Privacy is an increasingly fraught topic for librarians—public, academic, or otherwise—to handle. While many great intellectual freedom resources are available, many librarians don’t know where to begin the discussion on privacy, pointed out Nancy Greco, who is instruction and archives librarian at St. John Fisher College in Rochester, New York.
With her colleague Kathleen Ross, head of technical services at St. John Fisher College’s Lavery Library, Greco presented “Library Confidentiality: Your Privacy is Our Business,” a comprehensive primer on privacy and libraries, at the American Library Association’s 2019 Annual Conference and Exhibition in Washington, D.C.
In the first of many audience engagement moments, Ross and Greco used Padlet, a website that attendees could visit via their phones or laptops to submit their own privacy concerns. After reviewing a sample of those concerns, Ross and Greco noted that there are some differences between privacy and confidentiality. In their words, privacy is the right to open inquiry without the subject of one’s interest subject to scrutiny or disclosure, whereas confidentiality consists of having possession of someone’s personal information and keeping it private.
In their view, the confusion originates because there is no right to privacy under the Constitution or the Bill of Rights. This statement tends to surprise people. As it happens, the right to privacy originates from the Supreme Court’s 1965 Griswold v. Connecticut decision. In that decision, the majority agreed that privacy originates from the penumbras (or zones) in the Bill of Rights. Together, the First, Third, Fourth, and Ninth Amendments create the right to privacy. Other justices have argued that it originates from the Ninth and Fourteenth Amendments.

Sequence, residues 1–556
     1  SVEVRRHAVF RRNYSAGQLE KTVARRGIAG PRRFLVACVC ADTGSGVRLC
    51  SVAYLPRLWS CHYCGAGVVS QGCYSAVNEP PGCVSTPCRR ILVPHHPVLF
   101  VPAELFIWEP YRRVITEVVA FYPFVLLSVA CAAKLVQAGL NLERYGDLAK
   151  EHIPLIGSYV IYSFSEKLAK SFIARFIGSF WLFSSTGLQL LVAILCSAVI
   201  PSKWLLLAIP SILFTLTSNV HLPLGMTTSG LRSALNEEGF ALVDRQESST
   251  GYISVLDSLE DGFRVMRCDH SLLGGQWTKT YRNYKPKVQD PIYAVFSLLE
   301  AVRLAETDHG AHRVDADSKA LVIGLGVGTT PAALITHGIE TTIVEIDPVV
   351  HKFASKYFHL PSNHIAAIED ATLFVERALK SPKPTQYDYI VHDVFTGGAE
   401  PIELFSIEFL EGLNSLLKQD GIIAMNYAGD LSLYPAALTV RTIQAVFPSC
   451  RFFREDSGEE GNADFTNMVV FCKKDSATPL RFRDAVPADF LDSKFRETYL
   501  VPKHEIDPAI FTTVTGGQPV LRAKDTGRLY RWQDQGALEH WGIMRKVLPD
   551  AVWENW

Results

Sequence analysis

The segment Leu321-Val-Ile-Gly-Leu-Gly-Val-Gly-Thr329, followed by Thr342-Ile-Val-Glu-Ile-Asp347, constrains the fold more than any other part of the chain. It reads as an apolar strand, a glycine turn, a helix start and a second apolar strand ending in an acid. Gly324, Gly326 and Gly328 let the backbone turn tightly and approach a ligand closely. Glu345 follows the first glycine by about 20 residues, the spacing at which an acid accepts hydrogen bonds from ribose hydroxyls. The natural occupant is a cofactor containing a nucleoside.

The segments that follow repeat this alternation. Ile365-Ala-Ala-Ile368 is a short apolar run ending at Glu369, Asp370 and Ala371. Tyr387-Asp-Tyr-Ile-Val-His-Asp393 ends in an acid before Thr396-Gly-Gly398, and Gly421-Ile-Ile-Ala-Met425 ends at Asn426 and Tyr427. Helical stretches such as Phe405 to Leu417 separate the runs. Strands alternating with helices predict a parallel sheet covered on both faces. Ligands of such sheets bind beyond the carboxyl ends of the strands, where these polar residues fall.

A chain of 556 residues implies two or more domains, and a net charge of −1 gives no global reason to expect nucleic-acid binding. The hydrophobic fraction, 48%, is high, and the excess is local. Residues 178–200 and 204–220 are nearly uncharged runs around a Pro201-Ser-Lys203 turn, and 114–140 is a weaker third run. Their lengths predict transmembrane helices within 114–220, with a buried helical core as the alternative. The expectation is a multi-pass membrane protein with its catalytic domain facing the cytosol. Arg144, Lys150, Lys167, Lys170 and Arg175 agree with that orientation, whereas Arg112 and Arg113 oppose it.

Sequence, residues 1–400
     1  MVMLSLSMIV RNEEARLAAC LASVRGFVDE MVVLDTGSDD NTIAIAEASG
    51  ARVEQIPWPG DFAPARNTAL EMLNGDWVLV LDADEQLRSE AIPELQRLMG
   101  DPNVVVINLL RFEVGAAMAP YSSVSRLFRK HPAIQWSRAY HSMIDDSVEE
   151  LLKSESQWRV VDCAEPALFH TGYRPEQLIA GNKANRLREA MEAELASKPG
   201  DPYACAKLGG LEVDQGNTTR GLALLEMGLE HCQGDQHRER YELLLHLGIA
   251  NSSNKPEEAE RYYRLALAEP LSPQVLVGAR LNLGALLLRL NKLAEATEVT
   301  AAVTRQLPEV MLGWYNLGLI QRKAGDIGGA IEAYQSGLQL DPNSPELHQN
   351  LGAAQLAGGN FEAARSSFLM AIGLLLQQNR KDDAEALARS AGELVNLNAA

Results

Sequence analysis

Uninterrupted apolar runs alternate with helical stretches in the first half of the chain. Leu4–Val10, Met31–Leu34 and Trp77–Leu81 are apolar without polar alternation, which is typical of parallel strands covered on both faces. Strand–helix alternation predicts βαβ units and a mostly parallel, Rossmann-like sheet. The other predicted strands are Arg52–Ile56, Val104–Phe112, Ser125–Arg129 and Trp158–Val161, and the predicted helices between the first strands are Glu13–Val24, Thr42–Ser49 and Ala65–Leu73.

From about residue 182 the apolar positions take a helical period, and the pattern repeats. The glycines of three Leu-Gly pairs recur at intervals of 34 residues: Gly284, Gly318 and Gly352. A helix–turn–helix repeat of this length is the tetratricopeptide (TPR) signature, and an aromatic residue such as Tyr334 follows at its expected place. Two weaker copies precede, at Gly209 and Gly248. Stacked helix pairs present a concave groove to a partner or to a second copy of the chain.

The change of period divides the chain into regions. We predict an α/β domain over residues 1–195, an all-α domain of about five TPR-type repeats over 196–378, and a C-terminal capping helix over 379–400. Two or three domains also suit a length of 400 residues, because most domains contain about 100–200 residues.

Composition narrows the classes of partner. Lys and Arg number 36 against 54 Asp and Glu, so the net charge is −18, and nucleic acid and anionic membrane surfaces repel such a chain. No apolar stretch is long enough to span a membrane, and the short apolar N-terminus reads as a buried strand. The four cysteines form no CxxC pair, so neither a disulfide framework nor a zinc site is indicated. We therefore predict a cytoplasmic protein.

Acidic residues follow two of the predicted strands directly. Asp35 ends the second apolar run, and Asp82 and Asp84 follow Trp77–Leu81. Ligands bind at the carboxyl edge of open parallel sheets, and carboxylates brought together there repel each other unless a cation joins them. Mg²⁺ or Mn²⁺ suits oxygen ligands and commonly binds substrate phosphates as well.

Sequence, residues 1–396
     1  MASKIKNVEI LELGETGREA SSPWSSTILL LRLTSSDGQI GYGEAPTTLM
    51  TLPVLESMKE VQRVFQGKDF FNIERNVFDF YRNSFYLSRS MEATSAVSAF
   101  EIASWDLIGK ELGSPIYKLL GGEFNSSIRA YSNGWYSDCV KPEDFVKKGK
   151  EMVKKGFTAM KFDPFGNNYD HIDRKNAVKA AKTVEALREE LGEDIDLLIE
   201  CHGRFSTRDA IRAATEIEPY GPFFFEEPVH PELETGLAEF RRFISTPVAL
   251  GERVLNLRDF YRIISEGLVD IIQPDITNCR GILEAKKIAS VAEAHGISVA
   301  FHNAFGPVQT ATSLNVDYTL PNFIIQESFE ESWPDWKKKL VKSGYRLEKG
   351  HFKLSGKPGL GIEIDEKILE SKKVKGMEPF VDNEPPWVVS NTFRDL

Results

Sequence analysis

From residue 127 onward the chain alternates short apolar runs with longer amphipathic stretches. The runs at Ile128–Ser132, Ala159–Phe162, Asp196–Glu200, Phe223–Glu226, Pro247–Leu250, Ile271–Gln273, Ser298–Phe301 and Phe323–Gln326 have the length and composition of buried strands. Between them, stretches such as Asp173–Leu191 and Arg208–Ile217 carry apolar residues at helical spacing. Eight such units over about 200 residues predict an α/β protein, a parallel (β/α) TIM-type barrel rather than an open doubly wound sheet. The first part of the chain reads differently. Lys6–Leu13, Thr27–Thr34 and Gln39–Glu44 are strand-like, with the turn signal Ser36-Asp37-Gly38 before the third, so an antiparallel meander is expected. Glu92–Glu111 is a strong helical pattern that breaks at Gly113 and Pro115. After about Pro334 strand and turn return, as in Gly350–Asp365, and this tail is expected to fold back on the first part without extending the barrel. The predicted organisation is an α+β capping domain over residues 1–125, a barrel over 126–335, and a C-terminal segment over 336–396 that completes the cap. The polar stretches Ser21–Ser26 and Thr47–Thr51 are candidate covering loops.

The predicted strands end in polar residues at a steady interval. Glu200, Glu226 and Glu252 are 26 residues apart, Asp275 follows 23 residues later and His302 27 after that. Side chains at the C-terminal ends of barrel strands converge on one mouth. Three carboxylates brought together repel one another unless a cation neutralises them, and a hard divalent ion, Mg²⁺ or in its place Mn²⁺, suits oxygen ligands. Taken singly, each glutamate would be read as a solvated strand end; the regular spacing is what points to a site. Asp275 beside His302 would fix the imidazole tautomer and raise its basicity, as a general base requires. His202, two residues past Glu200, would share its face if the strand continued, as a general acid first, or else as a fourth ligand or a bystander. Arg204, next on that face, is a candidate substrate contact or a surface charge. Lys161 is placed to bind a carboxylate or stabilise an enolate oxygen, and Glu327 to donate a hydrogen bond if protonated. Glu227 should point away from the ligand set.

The right to privacy was reinforced by former Supreme Court Justice Thurgood Marshall in Stanley v. Georgia, in which he wrote: “If the First Amendment means anything, it means that a state has no business telling a man sitting along in his own house which books he may read or what films he may watch.”
Librarians should also be aware of federal laws around privacy, such as the Privacy Act of 1974, which gives citizens “the right to see records about oneself and the right to request amendment of records that are not accurate, complete, relevant, timely or complete,” as well as laws like FERPA, HIPPA, COPPA and others. The authors provided a reference to the Center for Democracy and Technology for clarification.
Finally, there are state laws, such as the New York Personal Privacy Protection law, which protects library records from examination. The ALA itself has a resource on individual states. The code of ethics of the American Library Association declares that librarians should protect all personally identifying information—that is, any information about an individual used to distinguish or trace an individual’s identity—that is in their possession.
Greco and Ross presented several scenarios and asked audience members to discuss how they could incorporate privacy into our own libraries and practices. Those scenarios included an angry parent asking about their child, as well as a well-meaning teacher who wanted to pay library fines.